Archives for posts with tag: marketer


Valuable and return business is based on trust. You trust your hairdresser to make you look good. You trust your barista to serve a coffee according to your taste. You trust your mechanic to fix your car and keep you safe on the road. And CEO’s trust their marketing departments to generate more business-quantifiable customer demand for products and services.

Problem is: CEOs don’t trust marketers.

That’s apparent in a new survey by marketing consultancy Fournaise, which polled 1,200 chiefs of large and small companies. Campaign Asia reported the findings, which are your wake-up call ringing from an armada of alarm clocks:

“For B2C CEOs, more customer-demand means more sales revenue. Unfortunately, nearly seven in 10 of B2C CEOs believe their marketers now live too much in a creative and social-media bubble and focus too much on parameters such as ‘likes’, ‘tweets’, ‘feeds’ or ‘followers’—parameters they can’t prove generate more business-quantifiable customer demand for products and services. CEOs regard these parameters as “interesting but not critical”.

For B2B CEOs, more customer demand equates to more qualified or sales-ready prospects in the sales pipeline. More than 70 per cent of these CEOs believe that their marketers are focused on the latest marketing technologies but are failing to deliver the level of incremental customer demand expected of them.

These CEOs feel marketers are too distracted, get sucked into the the “technological flurry and jargon” related to system integration and forget that technology is meant to be used only as a support tool. These tools don’t create demand per se; only accurate strategies and campaigns pushing the right products, product benefits, content and customer value propositions do.”

While the marketing echo chamber continues to discuss secondary tertiary issues like engagement, value of connections, interactions…(Please add your buzzwords here), CEOs get this nagging feeling that marketers love fluff and despise substance. CEOs trust their finance and tech departments more, and the marketing department is as beloved, respected and trusted as US Congress.

Even worse, CEOs believe marketers measure the wrong objectives, focusing on performance indicators that are not theirs, such as prospect conversions and revenue. Instead, marketers should focus on the customer-demand related indicators, which are directly linked to their job and over which they have control.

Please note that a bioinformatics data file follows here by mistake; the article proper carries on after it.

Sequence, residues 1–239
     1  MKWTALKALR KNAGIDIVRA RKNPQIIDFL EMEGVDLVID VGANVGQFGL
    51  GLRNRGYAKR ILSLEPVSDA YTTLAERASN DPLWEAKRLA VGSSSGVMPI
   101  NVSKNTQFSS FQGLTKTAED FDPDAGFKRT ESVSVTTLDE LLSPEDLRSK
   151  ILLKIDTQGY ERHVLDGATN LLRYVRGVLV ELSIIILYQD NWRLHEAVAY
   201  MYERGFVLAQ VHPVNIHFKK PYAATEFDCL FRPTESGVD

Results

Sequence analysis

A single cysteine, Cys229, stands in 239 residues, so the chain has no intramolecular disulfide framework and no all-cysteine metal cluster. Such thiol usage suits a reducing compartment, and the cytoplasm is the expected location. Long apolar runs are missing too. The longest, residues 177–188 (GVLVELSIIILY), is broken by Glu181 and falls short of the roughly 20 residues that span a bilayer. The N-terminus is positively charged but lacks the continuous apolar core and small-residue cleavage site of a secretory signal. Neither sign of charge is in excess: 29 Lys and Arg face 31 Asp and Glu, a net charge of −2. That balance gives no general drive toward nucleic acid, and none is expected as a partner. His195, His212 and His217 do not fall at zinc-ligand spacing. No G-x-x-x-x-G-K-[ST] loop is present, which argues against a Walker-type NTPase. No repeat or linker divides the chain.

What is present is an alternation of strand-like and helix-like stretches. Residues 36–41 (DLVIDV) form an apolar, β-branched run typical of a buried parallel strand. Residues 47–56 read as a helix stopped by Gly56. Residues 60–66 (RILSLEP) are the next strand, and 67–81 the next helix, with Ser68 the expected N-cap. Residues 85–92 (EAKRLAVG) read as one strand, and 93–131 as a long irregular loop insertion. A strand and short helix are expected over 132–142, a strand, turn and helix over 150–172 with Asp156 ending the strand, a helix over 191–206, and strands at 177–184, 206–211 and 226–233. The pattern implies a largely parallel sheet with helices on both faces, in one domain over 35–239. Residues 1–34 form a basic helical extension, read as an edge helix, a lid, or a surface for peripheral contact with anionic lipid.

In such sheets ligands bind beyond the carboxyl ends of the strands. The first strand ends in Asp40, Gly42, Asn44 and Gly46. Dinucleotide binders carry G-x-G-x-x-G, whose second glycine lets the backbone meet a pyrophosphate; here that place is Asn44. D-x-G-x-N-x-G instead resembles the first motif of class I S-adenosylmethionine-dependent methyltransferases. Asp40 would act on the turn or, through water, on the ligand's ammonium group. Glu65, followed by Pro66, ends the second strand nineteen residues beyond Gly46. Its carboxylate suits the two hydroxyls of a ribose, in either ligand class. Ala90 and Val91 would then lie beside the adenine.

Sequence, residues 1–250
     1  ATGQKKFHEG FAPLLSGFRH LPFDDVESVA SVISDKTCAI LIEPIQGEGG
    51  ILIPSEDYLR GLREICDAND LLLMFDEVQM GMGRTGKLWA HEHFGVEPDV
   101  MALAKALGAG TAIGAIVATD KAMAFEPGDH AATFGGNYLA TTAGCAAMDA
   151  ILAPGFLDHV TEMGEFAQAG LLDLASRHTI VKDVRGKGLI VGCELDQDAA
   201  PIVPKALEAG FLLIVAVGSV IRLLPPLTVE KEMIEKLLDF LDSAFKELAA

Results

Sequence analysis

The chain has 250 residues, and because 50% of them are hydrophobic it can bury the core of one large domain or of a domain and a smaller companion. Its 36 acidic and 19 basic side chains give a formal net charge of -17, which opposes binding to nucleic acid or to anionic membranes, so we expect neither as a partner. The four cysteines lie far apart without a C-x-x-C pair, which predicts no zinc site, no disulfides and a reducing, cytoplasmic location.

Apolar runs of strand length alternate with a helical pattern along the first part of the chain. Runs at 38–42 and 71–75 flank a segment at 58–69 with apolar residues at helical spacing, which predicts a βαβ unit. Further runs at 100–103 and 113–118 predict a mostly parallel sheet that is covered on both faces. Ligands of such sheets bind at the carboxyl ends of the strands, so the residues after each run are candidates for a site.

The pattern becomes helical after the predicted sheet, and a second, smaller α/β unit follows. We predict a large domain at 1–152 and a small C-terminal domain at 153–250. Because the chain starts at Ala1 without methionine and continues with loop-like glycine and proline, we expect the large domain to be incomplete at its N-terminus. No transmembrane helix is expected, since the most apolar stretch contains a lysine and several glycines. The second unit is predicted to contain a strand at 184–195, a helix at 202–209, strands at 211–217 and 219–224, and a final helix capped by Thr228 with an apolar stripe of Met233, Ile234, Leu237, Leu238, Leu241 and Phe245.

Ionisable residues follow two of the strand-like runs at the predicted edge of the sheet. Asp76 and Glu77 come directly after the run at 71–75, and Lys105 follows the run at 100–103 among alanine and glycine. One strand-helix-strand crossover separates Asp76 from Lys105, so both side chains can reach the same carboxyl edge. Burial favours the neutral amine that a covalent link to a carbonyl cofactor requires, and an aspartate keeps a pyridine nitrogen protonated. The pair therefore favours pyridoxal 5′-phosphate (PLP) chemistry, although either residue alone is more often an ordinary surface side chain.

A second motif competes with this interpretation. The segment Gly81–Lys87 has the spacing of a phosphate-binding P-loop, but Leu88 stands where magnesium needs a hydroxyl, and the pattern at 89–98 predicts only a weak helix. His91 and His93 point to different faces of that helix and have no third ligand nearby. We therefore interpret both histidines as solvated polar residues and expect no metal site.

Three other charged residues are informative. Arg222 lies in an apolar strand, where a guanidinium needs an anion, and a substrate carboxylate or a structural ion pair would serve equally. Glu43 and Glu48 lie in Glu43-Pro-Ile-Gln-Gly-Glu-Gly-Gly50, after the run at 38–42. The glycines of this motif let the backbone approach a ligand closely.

What to do?

“Marketers should zoom in on a few critical key business performance indicators to precisely measure, quantify and report on the level of customer demand they are delivering, according to the study.

To earn the CEO’s trust and prove that they are solid business generators, 74 per cent of CEOs want marketers to be completely ROI focused.

B2C CEOs want these ROI marketers to be focused on tracking, reporting and boosting four key marketing performance indicators: sell-in, sell-out, market share and marketing ROI (defined as the correlation between marketing spending and the gross profit generated from it).

Meanwhile 85 per cent of B2B CEOs (and B2C CEOs in prospect-driven industries) would like ROI marketers to focus on tracking, reporting and boosting prospect volume, prospect quality rate, marketing effectiveness rate (defined as the percentage of marketing spending that directly generated prospects) and the business potential generated by marketing.

“Marketers will have to understand that they need to start “cutting the rubbish” if they are to earn the trust of CEOs and if they want to have a bigger impact in the boardroom,” explained Fontaine. “They will have to transform themselves into true business-driven ROI marketers or forever remain in what 65 per cent of CEOs told us they call marketing la-la land.”

For too long, marketers have seen data as an aid to justify media spend and overall marketing investment. This harsh wake-up call should spell an end to this justification era. Marketers need to use data to drive, determine and justify their marketing and media plans.

What are you going to do? Wake up or hit the snooze button?


Under the title “More gain, less strain: Optimizing marketing partner performance and value in a digital world”, the CMO Council published an analysis of how marketers are optimizing marketing partner performance and value in a digital world.

It’s not a pretty picture